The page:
Not all alchemists, however, were interested in searching out the origin, history, and destiny of the human soul. Some there were who sought to make gold that might be exchanged for coin of the realm. Those that found this secret felt an obligation to society. They knew that should the process be learned by unscrupulous persons it might well upset the economic relations of the world and enable knaves and criminals, through vast wealth easily acquired, to rule and oppress more honest men. Against this they must guard by keeping the method a secret.
Because they were secretive about a matter of such tremendous importance to the selfish ambitions of others they were often sadly persecuted. Some were murdered by villains in the expectation that the recipe for making gold would be found about their persons or concealed in their lodgings. Others were hailed before feudal lords and potentates with the demand that they make gold. Refusing this, they were imprisoned and promised freedom only at the price of the secret process. Not a few were tortured, and some were killed, in the effort to compel them to perform transmutations or to reveal how it was done. Take it all in all, whatever they may have gained through the possession of alchemical knowledge they well paid for in lack of peace and comfort. For they have been hounded from place to place no less than the traditional Wandering Jew.
They lived in an age antedating science. No terminology as yet existed for expressing many of their ideas in ordinary language. Words were coined, therefore, to meet the demands of the occasion. Thus it came about, as a little reading of the alchemical works left by them makes obvious, that the same thing was called by a different name by different alchemists. This at first sight is very confusing. But it need not remain so, for in common language we have different words, called synonyms, to express the same idea. What we must do to understand their writings is to determine the basic idea that may be expressed by a variety of these synonyms.
They wished to conceal their knowledge from the vulgar and to reveal it to the worthy. It often served to protect them from the designing to talk, write, and act as if mentally unsound. They needed a code to convey information, and such a code came to them ready at hand from the same source as came the science of alchemy. Astrology and alchemy arrived in Europe together. A language that was applicable to one was likewise applicable to the other. Astrology teaches that everything on earth has its correspondence in the sky, and everything in the sky has its correspondence on earth. This is the key to alchemical synonyms.
A thing on earth is ruled by a planet or sign in the sky. This planet or sign rules other things on the earth having the same vibratory quality. The principle or quality or spiritual bias designated by an alchemist may be called by the name of any one of the various familiar objects ruled by the same astrological influence. Thus did the alchemists write and talk and think in the language of celestial correspondences.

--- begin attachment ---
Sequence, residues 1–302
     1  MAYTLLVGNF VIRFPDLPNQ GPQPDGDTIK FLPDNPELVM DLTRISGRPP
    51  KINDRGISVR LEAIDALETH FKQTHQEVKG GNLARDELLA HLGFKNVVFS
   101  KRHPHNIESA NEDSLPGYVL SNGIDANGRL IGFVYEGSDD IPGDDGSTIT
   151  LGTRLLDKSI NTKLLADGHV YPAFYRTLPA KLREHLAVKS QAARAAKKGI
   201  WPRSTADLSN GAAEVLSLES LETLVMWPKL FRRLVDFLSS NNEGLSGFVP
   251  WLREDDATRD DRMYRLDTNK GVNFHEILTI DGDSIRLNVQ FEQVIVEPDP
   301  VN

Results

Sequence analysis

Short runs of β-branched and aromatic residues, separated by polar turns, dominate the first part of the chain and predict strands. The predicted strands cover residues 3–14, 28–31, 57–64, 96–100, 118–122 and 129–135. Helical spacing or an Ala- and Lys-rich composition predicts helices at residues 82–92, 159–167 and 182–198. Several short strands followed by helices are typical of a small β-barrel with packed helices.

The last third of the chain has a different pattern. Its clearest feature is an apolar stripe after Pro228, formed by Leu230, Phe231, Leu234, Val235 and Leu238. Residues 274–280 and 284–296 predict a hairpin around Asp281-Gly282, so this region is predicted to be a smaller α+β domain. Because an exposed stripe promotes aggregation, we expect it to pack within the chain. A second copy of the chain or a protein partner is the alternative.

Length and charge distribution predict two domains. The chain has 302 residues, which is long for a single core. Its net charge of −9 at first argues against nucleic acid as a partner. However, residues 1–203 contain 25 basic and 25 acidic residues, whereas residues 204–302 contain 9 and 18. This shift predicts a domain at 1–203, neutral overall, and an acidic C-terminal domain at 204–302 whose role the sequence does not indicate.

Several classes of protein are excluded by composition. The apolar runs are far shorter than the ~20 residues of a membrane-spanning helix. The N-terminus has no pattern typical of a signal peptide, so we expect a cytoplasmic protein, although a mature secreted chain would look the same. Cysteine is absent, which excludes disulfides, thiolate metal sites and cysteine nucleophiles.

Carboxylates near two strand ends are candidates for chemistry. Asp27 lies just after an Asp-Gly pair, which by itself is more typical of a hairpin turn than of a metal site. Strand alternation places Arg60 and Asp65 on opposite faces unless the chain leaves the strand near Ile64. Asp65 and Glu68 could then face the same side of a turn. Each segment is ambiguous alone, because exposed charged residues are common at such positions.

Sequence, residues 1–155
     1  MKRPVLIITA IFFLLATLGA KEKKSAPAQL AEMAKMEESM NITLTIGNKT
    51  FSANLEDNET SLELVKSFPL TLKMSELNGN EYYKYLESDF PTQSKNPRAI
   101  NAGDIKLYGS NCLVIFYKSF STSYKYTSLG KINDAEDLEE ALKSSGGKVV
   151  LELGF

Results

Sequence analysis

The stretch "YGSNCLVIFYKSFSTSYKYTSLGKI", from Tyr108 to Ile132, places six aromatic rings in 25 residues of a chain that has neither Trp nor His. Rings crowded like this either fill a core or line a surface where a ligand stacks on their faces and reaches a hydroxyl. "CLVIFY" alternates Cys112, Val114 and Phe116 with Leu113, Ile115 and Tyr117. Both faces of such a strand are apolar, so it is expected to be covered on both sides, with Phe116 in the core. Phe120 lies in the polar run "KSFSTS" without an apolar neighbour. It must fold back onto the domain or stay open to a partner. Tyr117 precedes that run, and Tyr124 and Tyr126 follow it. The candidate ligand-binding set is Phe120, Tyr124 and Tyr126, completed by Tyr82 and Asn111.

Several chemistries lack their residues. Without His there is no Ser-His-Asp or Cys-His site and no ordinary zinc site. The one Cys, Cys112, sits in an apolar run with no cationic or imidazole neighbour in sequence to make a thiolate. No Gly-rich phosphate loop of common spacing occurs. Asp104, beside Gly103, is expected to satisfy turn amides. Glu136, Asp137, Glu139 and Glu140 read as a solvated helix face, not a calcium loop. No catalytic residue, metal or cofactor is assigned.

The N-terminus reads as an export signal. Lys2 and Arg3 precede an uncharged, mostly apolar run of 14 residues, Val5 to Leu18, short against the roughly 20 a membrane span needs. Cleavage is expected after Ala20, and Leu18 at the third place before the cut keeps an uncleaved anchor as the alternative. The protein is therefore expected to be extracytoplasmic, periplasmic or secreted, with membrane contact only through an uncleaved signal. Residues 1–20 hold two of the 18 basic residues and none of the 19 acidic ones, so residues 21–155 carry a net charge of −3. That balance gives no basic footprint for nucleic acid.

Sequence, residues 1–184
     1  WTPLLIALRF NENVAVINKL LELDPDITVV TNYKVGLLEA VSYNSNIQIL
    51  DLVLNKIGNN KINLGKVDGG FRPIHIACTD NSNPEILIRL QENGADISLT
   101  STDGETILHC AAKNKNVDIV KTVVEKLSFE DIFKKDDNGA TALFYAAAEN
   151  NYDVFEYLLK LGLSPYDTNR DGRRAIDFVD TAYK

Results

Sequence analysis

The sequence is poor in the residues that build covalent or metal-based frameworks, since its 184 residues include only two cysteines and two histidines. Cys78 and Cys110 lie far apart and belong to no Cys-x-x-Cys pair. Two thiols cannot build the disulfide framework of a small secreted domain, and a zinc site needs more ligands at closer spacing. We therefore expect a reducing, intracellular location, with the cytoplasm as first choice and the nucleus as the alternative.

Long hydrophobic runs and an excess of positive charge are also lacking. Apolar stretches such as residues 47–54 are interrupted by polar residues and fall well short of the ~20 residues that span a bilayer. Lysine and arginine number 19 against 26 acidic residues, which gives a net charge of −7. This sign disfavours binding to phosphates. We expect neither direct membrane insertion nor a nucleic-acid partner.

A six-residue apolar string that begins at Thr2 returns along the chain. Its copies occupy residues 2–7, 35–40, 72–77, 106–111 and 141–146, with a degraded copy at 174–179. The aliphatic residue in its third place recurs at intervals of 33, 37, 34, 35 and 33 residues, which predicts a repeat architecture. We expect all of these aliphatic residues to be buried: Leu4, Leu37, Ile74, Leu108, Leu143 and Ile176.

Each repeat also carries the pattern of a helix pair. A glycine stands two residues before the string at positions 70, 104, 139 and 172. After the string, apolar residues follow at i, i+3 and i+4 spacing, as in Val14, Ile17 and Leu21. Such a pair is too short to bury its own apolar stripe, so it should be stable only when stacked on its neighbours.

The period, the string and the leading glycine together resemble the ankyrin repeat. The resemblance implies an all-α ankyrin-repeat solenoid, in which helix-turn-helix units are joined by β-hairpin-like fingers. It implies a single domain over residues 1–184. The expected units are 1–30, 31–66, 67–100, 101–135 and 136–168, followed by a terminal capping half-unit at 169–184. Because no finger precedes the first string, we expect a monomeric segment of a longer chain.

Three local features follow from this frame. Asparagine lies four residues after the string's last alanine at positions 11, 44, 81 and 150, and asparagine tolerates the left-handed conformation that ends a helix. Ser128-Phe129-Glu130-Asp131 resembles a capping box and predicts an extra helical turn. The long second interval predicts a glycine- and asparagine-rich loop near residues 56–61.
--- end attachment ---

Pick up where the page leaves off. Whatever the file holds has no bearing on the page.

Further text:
Different Kinds of Alchemy
There is a great similarity to be found in the language used and in the methods of procedure advocated by alchemists living in different centuries and in different lands. One who delves into the rare and musty tomes still extant concerning the Hermetic Art, as it was called by these sages, cannot fail to be struck by the parallel methods of those who obviously sought different ends.
A sifting of their writings reveals that some wanted mineral gold with which to buy leisure, comfort, and luxury, and with which, perhaps, to help the poor. Some, however, had no thought of this, but labored to transmute bodily fluids and forces into magnetic power with which to perform wonders. Knowing nothing of the Yogis, they yet desired to do the things the Yogis are reputed to do. Some worked solely with the vegetable kingdom, some with animals, and still others sought to establish an ecstatic rapport with the source of all life, light, and love to the end of transmuting the gross trials of life into golden spiritual treasures.
Process Always the Same
In spite of the wide variety of ends sought, the principles followed and the succession of steps must be the same in all transmutation. A process carried out on one plane gives the same result as when carried out on another plane, except that the result as well as the process is on a different level. The tones C, G, and E sounded in combination on one instrument, and in one octave, give a resultant chord that is similar to C, G, and E sounded in combination in another octave on the same instrument, in the same octave on a different kind of instrument, or in another octave on another instrument. The same combination of tone vibrations produces a similar result whatever the instrument or whatever the octave, but it may be on a different vibratory plane. Likewise, the combination of alchemical elements by means of similar processes gives the same result if carried out in the mineral kingdom, in the world of vegetation, in the mental economy of man, or in the realm of spiritual potencies. The only real difference is that the result as well as the operation is on a different plane.